3.2 Node Organization and Validity In every node of the mqr-tree, we determine the relative placement of both objects and subregions by using the centroids of their MBRs. We define the origin of each node as its centre location. The objects that are referenced from the centre location have the same centroid as the centroid of the node MBR for the node. All other objects and subregions that are referenced from the other locations (NW,SE,SW,NE) are placed with respect to the centroid of the node MBR. Fig. 2 depicts the spatial relationships, where A refers to the centroid of a new object, and B refers to the centroid of the node MBR. The orientations (NE, SE, SW, NW) include centroids that fall on the axes (E, S, W, N, respectively). A node is classified as either 'NORMAL' or 'CENTER'. In a NORMAL node, the locations are organized based on the orientations defined above (see Fig. 1). A NORMAL node is valid when: The node MBR encloses all the minimum bounding rectangles in the objects or subtrees that the node references, and All objects or subtrees pointed to by a location are in the proper quadrant relative to the node centroid. In a CENTER node, the locations are organized linearly. A CENTER node only references objects whose centroids are the same as the centroid of the node MBR. In addition, a CENTER node is utilized only when more than one object exists with overlapping centroids. Fig. 3 depicts a NORMAL node containing three objects. Object 1 is located northwest of the centroid of the node MBR (defined by the dashed box on the diagram), while object 2 is located northeast of the centroid of the node MBR. Object 3 is located directly south of the node MBR centroid, therefore it is placed in the southeast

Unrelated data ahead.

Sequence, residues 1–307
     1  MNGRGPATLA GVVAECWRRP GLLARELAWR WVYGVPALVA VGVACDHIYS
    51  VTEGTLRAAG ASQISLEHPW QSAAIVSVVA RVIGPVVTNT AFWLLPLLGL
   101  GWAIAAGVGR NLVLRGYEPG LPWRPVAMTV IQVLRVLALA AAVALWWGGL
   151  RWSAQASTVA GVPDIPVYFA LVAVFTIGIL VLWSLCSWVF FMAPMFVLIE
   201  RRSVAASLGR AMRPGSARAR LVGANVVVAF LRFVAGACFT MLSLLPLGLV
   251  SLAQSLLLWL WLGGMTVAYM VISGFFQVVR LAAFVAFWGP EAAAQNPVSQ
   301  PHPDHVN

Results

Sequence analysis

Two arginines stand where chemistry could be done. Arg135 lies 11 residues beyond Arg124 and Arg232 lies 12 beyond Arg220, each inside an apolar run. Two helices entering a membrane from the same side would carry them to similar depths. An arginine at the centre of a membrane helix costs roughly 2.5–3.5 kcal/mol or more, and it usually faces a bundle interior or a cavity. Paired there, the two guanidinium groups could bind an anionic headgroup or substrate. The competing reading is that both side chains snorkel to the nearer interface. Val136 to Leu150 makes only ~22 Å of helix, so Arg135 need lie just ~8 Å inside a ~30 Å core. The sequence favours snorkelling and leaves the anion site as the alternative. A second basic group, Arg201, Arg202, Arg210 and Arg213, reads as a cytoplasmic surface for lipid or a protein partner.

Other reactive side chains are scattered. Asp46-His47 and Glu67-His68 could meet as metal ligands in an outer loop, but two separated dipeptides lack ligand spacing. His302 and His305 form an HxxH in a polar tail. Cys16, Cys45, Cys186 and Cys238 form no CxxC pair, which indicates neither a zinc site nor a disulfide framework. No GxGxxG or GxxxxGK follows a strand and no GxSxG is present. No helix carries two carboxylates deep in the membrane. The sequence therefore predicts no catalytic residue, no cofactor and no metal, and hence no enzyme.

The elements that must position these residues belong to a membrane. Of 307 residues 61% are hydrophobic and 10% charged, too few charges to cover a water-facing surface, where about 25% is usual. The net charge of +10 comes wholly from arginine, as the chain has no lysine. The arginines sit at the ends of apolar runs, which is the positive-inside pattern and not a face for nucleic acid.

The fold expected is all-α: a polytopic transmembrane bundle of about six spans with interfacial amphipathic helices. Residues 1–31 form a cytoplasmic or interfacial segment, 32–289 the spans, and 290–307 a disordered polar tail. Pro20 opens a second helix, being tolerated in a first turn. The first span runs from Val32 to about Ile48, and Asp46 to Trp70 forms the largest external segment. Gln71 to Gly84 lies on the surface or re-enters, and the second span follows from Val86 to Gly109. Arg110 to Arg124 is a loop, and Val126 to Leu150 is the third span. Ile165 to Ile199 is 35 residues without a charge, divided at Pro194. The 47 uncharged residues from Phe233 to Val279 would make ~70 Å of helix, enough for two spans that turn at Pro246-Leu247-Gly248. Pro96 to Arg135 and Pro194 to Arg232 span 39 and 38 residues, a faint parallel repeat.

quadrant. Although the mqr-tree node resembles a quadtree node [4], there are some significant differences that must be noted. First, the quadtree defines a recursive partition of space using the points that are inserted. Therefore, the entire space is indexed, including areas that contain no points. The mqr-tree defines an approximation of regions that contain objects. Therefore, the amount of space that is indexed by the mqr-tree is reduced, because only space that contains objects is indexed. Some whitespace (i.e. overcoverage) may be present, but is often significantly less than managed by a partition-based method. Second, the partitions in a quadtree are static after they are created when a point is inserted. In other words, the point that divides the space does not change when other points are inserted. In the mqr-tree, the point that divides the space into quadrants is flexible, and adjusts when objects are inserted. Finally, the mqr-tree accommodates objects whose centroid overlaps the node centroid separately from the node centroid itself, where in the quadtree the data point and the quadrant partitioning point are the same. This allows for the flexibility of the node MBRs (and their centroids) in the mqr-tree.